Interview with Yonas Workie, Suntransfer Tech PLC

Friday October 13th, 2017 - Smart Villages

Yonas Workie, Managing Director, Suntransfer Tech PLC

Location: Addis Ababa, Ethiopia

“You have to really find quality products in a market which can be unfair”

Doing business in Ethiopia, which has a population of 100 million, has its challenges. 80% live in rural areas, and hydropower is the most popular energy source. Yonas Workie has spent eight years working in solar, a fledgling alternative industry in Ethiopia; however, materials have to be imported, there is a lack of access to finance and hard currency , not to mention significant issues with the market. “There are some unfair situations, with substandard illegal and contraband products coming in,” says the founder and managing director of Suntransfer Tech. Currently, 1.5 million homes are without electricity in rural Ethiopia.  “You have to constantly find quality products and services. This also affects the competition – we all struggle with the same demands.”

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In his previous role with the German NGO Solar Energy Foundation, Workie distributed solar home systems; working with rural people, doing after sales services, providing credit facilities amongst others. The industrial engineer was inspired to apply this experience to a business setting with two other colleagues. Having spent eight years in the growing solar industry, mainly with private companies, launching a social business was a logical next step.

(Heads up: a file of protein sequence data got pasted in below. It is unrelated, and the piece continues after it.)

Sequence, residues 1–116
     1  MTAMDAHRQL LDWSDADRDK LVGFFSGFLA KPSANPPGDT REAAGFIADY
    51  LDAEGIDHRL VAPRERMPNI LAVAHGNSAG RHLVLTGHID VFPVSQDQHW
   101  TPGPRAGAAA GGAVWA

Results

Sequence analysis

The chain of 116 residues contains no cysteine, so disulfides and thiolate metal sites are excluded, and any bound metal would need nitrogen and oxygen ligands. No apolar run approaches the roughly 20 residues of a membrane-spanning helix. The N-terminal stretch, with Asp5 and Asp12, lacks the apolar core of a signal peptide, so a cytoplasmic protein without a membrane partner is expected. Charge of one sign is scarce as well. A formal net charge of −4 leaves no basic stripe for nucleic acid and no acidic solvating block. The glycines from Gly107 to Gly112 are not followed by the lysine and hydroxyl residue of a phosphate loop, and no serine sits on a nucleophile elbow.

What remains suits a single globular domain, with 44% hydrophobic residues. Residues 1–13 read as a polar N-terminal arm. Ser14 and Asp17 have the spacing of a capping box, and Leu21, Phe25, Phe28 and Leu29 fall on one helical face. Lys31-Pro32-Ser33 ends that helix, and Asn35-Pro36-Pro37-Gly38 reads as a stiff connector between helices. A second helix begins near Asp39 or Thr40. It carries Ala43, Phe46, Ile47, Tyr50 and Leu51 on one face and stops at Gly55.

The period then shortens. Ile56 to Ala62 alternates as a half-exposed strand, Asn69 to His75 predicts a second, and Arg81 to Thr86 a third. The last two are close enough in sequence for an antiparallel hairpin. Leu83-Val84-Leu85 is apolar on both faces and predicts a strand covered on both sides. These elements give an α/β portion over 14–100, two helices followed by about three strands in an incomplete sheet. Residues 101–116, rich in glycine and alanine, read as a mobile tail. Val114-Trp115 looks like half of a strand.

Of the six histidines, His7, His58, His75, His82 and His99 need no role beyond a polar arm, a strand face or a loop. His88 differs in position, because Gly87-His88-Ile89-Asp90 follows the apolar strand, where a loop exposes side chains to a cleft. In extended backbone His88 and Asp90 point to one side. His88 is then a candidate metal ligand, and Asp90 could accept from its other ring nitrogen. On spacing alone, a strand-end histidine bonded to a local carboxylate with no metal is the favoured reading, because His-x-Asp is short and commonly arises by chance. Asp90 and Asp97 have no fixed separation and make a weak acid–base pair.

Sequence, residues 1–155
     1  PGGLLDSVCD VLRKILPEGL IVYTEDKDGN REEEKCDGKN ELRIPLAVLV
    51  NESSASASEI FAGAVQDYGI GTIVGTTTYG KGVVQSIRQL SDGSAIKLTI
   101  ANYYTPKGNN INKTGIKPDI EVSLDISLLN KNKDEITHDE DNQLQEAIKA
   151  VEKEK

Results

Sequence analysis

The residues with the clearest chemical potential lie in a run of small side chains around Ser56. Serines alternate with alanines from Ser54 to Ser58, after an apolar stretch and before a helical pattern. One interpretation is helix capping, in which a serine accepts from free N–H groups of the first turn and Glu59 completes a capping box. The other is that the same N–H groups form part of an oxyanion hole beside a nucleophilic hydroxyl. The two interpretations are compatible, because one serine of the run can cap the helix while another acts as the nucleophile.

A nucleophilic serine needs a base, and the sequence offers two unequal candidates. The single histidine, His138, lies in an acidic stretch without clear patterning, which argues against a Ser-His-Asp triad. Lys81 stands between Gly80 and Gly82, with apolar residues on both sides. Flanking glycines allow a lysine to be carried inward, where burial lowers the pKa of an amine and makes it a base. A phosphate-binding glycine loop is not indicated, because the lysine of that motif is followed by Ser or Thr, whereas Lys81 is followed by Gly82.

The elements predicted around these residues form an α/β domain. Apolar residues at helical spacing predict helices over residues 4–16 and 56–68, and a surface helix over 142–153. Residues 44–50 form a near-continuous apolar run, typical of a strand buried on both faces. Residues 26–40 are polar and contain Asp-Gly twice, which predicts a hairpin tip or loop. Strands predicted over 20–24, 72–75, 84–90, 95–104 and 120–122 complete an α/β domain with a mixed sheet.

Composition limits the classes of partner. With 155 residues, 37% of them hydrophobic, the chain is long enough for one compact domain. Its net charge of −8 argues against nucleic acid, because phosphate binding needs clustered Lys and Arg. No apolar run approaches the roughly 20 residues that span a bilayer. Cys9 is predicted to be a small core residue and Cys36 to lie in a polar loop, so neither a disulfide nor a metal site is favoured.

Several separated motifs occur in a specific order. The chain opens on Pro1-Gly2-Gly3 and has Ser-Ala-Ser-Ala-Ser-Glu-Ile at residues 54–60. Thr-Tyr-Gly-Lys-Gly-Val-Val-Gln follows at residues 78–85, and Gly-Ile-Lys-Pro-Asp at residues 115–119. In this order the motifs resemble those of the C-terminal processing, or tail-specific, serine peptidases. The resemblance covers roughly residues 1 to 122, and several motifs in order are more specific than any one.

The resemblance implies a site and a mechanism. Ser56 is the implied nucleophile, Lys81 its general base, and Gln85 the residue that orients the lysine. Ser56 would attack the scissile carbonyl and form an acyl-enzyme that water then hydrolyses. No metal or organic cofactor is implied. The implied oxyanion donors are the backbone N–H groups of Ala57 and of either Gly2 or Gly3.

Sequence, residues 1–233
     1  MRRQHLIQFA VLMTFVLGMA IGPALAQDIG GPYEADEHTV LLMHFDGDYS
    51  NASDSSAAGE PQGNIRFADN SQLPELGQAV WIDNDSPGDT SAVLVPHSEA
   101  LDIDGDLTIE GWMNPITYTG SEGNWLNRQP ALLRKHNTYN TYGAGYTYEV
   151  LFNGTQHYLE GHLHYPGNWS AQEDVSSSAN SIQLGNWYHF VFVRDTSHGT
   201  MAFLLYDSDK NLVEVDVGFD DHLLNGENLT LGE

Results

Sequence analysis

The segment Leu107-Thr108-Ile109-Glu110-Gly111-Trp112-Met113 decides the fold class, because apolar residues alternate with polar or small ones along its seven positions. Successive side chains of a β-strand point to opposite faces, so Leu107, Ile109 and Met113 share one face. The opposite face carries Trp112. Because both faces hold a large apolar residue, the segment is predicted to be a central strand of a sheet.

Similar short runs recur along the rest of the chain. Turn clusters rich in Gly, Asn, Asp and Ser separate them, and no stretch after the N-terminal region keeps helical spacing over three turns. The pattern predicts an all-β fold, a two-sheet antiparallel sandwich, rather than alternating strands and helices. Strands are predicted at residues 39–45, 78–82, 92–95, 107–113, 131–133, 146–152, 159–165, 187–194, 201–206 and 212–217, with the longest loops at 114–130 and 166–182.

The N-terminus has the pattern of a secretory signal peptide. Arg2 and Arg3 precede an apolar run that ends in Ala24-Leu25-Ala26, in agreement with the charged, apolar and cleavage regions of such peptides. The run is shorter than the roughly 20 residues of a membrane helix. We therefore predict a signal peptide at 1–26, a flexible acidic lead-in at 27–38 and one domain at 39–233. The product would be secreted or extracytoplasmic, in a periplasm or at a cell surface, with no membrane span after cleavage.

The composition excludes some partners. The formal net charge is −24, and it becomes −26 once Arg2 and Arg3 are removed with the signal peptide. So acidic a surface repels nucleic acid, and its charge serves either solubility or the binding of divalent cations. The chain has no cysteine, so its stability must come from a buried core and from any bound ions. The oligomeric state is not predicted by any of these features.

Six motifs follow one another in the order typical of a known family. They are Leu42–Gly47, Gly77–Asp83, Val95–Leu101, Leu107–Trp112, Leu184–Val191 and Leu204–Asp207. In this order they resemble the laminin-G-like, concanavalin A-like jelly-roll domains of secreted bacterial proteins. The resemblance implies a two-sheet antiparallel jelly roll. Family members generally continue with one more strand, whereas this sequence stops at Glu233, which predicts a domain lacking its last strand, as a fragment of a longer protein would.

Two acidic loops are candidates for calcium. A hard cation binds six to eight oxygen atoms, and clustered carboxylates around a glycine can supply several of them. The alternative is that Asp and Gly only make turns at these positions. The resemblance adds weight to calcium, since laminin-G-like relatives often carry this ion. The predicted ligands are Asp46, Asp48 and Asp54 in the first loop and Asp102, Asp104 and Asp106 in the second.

Suntransfer Tech started with selling small solar lanterns in 2012, and has graduated to servicing home systems. The most popular of the six main items items are lanterns with a four-light system, with a phone charging element, and small solar televisions. The team also partner on projects for NGOs, working on portfolios such as solar water pumps. “If a company wants to design a kilowatt system, we design and install it.” Water pumping is a big issue, says Workie. “People are more aware of this now because the government is more involved in renewable energy, but there are some bottlenecks in different channels – corruption and bureaucracy. They remain expensive. We are not promoting them individually, but reaching out to local NGOs or smaller companies.” Workie is also hoping for a wider solar association, an equal platform for people in the market, to also hold the government to account.

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After almost five years, the team has doubled in size, with a network of technicians who join the team on a freelance basis. Thanks to a 2014 grant from USAID, the team were able to distribute solar home systems in the populous Southern region. “We’re trying to distribute in Oromia and Amhara now. We are trying to replicate the funding situation at the moment, and get loans from small banks which is not easy, since they request collateral, which we don’t have as a young company.” Working with the Solar Energy Foundation in Germany means that the team at least has a partner who can help with applying for loans and try to expand the business.

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Workie’s team has been promoting solar in more villages, through micro finance institutions whose customers include farmers. “We teach people how the products and technology work. People have been using kerosene lamps and wood for fire, so it’s life changing for them – I mean, to see light from solar, or see a TV running on solar. They’re happy, but the affordability of buying such products in cash is limited. This is why micro finance plays such a big role, since they provide credit. These are the end users we are trying to reach.” Workie joined the sector by chance, he says, and sees hope for the future, despite the testing market his team operates in. “Ethiopia has huge potential; just look at any map, or international rankings – we are north of the equator, and can do a lot with our sun.”

 

–Nabeelah Shabbir, @lahnabee